As a novice manager in a Manhattan publishing firm, Stewart dreaded attending monthly meetings where she was required to give oral status reports for her department. “I’d sit there in a panic, waiting for my turn to speak,” she remembers. Having worked herself into a lather by the time she did speak, she came off as a jittery, barely coherent mess. “I was so bad, even the CEO took pity on me,” says Stewart. “He stopped asking me questions or taking me seriously, and eventually everyone else followed suit.”

Viewed as a lightweight, Stewart’s management credibility suffered, prompting her to undergo training designed to boost her self-image and improve her public speaking skills. This effort greatly improved her performance in those meetings, reestablishing her favorable reputation at the firm.

“There’s not a time I get up to speak that I don’t have some anxiety, but I never let it show,” says Thelma Wells, a professional speaker and corporate trainer at TW & Associates in Dallas.

In fact, the confidence you have in your ability to do well will probably determine whether or not you actually do. Personal affirmations (I’m good. I know my subject. I’ll be great.) and visualizing yourself doing well, over and over again, may sound hokey, but they are proven confidence boosters, says San Jose professional speaker and diversity expert Rosalyn Taylor O’Neale.

Granted, public speaking is serious business. But you can fend off a lot of angst by maintaining a sense of humor about it. If you make a mistake, joking about it can smooth the incident over, while endearing you to your audience.

Remember: You’re not performing brain surgery. You’re sharing what you know with people who want to know it too. Lighten up. Even if you blow it, there’s still life after your speech.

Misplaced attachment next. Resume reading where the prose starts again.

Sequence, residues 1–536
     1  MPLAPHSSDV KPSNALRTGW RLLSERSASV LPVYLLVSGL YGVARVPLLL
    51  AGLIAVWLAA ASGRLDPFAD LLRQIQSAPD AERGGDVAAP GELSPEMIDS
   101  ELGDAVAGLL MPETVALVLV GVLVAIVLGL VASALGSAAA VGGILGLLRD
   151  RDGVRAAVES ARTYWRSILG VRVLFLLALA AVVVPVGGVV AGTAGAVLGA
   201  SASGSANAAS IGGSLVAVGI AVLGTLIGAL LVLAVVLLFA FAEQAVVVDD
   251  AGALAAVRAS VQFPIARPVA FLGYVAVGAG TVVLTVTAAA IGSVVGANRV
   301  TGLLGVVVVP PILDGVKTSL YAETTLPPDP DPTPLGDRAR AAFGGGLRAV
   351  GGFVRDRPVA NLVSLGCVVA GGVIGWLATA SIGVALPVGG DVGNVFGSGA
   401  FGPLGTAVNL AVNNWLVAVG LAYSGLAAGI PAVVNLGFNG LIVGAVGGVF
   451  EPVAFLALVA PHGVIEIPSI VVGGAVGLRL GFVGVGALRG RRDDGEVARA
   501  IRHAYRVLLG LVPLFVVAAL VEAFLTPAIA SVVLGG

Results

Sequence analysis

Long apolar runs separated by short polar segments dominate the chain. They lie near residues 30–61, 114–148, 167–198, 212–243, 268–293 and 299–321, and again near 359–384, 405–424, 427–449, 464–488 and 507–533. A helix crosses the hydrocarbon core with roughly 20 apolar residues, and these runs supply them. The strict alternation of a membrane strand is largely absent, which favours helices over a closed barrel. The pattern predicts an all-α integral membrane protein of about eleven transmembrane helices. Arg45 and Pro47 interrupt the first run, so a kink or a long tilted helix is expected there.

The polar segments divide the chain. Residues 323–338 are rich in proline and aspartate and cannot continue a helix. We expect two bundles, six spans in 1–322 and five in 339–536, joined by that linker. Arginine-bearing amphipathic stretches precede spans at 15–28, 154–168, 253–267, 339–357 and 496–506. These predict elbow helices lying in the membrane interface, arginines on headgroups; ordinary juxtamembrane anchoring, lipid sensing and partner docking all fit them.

* Don’t memorize your speech verbatim or read it. Do seek out friendly faces and establish and maintain eye contact.

* Don’t drown your presentation in statistics. Do use uncomplicated real-life anecdotes to illustrate a point.

* Don’t ever seek humor at the expense of others. Do use humor to diffuse anxiety. A joke at your own expense is fine.

* Don’t try to bluff your audience. Do test-run your speech for timing.

* Don’t wear clothing or shoes that you haven’t worn before. Do stand tall, dress loose and speak out.

* Don’t go hungry before your presentation. Do eat light and sensibly (now is not the time to experiment).

* Don’t be like anyone else. Do observe speakers you admire for pointers, but develop your own style.

* Don’t let a bad experience keep you from speaking again. Do seize every opportunity to get out there: Sunday school, PTA meetings, club meetings, etc. Get comfortable with extemporaneous speaking.



* Toastmasters International: a nonprofit organization in which members get practical experience in speechmaking and immediate feedback on presentation skills. 714-858-8255.

* National Speakers Association (NSA): an international group dedicated to ensuring excellence in the speaking profession and expanding the use of professional speakers. 602-968-2552.

* American Management Association (AMA): offers several two- and three-day courses on effective presentation skills. 800-262-2552.

* I Can See You Naked: A Fearless Guide to Making Great Presentations by Ron Hoff (Andrews and McMeel Publishers, Kansas City, Mo., $9.95).

* How to Write & Give a Speech by Joan Detz (St. Martin’s Press, New York, $21.95).

COPYRIGHT 1994 Earl G. Graves Publishing Co., Inc.

COPYRIGHT 2004 Gale Group